# PHYSICAL QUANTITIES

Physics is a fascinating science. It deals with times that range from less than 10-20 s (the half-life of helium 5) to 1.5 x1013 years (the probable 'age' of our Universe). Physicists study temperatures from within a millionth of a degree above absolute zero to almost 200 million degrees, the temperature in the plasma in a fusion reactor.
An investigation of the mass of a quantum of FM radio radiation (2.3x10-42 kg) and the 'size' of a proton (about 1.3x10-15 m) all fall within the World of Physics!

It is vital to realise that all the quantities mentioned above contain a number and then a unit of measurement. Without one or other the measurement would be meaningless. Imagine saying that the world record for the long jump was 8.95 (missing out the metres) or that the mass of an apple was kilograms (missing out the 0.30)!

All units used in Physics are based on the International System (SI) of units which is based on the following seven base units.

## Mass - measured in kilograms

The kilogram (kg): this is the mass equal to that of the international prototype kilogram kept at the Bureau International des Poids et Mesures at Sevres, France.

## Length - measured in metres

The metre (m): this is the distance travelled by electromagnetic waves in free space in 1/299 792 458 s.

## Time - measured in seconds

The second: this is the duration of 9 192 631 770 periods of the radiation corresponding to the transition between two hyperfine levels of the ground state of caesium 137 atom. The phtograph shows a caesium atomic clock in the Science Museum, London.

## Electric current - measured in amperes.

The ampere: this is that constant current which, if maintained in two parallel straight conductors of infinite length and of negligible circular cross section placed 1 metre apart in a vacuum would produce a force between them of 2 x 10-7 N.

## Temperature - measured in Kelvin

The Kelvin: this is 1/273.16 of the thermodynamic temperature of the triple point of water.

## Luminous intensity - measured in candelas

The candela: this is the luminous intensity in a given direction of a source that emits monochromatic radiation of frequency 540 x 1012 Hz that has a radiant intensity of 1/683 watt per steradian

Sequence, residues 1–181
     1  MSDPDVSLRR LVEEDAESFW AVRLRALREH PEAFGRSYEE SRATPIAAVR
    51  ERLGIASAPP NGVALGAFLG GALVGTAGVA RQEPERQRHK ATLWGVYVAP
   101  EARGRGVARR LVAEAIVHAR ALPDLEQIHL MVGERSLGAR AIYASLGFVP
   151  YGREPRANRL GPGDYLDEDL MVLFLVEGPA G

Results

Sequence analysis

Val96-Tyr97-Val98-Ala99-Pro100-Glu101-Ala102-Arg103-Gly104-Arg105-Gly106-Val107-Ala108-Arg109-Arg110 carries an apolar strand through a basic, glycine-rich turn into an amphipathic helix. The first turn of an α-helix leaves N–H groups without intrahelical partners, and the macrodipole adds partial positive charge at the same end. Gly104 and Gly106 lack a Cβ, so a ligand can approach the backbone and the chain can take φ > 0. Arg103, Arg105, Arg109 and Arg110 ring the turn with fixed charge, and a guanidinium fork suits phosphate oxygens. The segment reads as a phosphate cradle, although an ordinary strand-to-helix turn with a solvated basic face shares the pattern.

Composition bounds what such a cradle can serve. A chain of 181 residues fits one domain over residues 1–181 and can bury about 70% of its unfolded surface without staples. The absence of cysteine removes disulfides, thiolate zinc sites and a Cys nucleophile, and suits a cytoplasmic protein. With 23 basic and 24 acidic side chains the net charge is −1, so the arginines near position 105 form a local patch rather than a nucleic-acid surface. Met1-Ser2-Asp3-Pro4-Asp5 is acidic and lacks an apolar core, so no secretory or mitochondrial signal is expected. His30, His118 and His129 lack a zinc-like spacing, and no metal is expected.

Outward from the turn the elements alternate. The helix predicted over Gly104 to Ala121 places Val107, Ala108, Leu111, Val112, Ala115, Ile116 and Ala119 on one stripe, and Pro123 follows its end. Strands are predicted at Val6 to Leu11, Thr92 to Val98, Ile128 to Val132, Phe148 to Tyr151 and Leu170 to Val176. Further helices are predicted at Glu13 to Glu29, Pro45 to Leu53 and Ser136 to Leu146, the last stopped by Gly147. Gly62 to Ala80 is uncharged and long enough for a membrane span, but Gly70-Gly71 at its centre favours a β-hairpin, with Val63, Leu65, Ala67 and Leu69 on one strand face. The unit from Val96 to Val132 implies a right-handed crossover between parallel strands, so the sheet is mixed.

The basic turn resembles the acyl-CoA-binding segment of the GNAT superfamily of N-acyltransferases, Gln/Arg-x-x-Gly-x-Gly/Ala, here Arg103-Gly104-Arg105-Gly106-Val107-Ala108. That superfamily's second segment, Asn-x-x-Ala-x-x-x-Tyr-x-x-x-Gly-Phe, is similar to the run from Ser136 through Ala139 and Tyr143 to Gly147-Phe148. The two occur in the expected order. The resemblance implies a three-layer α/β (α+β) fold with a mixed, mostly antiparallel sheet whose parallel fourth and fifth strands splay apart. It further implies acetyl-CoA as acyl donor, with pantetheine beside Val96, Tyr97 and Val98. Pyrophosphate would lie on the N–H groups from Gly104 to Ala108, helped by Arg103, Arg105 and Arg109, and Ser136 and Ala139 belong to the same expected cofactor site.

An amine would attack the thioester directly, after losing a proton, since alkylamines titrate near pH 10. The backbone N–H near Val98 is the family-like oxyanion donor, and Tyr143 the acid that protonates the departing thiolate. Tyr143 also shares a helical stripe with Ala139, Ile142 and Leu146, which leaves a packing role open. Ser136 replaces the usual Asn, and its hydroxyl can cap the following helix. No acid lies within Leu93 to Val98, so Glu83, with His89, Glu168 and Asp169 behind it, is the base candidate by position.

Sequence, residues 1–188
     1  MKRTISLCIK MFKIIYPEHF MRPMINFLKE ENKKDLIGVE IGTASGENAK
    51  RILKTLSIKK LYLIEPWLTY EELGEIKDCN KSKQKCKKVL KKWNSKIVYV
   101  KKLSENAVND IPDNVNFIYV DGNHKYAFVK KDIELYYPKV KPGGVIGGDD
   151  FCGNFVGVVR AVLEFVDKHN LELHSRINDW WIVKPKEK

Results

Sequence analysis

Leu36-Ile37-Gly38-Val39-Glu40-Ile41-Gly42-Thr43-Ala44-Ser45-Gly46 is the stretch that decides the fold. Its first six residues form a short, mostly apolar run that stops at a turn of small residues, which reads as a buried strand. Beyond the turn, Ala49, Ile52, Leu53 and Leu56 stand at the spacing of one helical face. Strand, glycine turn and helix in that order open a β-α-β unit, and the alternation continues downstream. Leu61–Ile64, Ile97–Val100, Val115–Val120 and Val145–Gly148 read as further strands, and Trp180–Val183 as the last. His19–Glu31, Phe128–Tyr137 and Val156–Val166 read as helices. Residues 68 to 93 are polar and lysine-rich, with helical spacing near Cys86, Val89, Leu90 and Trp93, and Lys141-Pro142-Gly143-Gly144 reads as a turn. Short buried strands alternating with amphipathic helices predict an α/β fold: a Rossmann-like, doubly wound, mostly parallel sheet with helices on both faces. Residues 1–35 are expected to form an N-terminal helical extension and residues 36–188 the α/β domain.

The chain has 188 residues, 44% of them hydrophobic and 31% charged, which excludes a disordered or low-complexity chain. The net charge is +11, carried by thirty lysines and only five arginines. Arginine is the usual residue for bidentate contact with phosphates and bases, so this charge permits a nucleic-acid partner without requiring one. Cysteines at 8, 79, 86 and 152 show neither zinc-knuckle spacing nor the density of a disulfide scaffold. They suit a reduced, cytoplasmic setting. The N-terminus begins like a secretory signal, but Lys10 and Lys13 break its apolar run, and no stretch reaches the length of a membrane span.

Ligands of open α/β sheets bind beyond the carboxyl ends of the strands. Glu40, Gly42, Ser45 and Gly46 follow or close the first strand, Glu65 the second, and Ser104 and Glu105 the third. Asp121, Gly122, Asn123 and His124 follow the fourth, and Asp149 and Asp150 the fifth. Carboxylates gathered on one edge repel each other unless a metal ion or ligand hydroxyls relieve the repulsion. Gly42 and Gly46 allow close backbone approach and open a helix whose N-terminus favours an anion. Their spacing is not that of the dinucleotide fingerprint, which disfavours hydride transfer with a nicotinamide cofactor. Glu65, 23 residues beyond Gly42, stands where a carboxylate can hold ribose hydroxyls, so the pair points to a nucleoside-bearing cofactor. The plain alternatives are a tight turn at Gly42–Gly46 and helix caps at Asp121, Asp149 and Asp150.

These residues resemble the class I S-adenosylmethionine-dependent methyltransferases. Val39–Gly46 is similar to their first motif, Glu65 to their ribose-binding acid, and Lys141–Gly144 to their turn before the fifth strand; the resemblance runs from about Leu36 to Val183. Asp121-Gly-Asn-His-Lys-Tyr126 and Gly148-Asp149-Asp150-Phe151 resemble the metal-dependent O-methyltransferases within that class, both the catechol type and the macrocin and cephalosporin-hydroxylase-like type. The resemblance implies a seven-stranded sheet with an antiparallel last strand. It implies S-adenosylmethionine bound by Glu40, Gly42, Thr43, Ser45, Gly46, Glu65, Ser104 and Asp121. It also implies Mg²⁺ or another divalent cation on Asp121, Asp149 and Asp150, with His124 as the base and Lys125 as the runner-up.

## Amount of substance - measured in moles

The mole: this is the amount of substance of a system that contains as any elementary particles as there are in 0.012 kg of carbon-12.

It is most important to realise that these units are for separate measurements – you can't add together quantities with different units. For example five kilograms plus twenty-five metres has no meaning. It is rather similar to having a field in which there are 30 sheep, twelve cows and 25 pigs and asking how many there are? How many of what? It's simply a collection of different animals - you cannot add them together!

## Checking the homogeneity of equations

We can use the base units to check that an equation representing physical quantities is correct. Remember the example of the cows sheep and pigs. Starting with ten sheep in one pen three pigs in a second pen and five cows in the third will still gives us a mixture of sheep, pigs and cows if we let them all join in one pen.

It is the same with equations. The 'power' of mass, length and time on one side of the equation must balance their 'power' on the other.

This can be shown as follows. Consider the equation:

v2 = u2 + 2as

writing down the units for each side we have:

ms-1 x ms-1 = ms-1 x ms-1 + ms-2 x m the term m2 appears in all terms on both sides of the equation as does the term s2, the equation balances and is therefore probably correct. It is!

(Notice that the number two is ignored, it has no units).

## Powers of ten

In Physics we often deal with very small or very large numbers and it is important to understand how these may be represented.

atto (a) 10-18
femto (f) 10-15 (a femto metre is also called a fermi)
pico (p) 10- 12
nano (n) 10-9
micro (m) 10-6
milli (m) 10-3
centi (c) 10- 2
deci (d) 10-1
kilo (k) 103
mega (M) 106
giga (G) 109
tera (T) 1012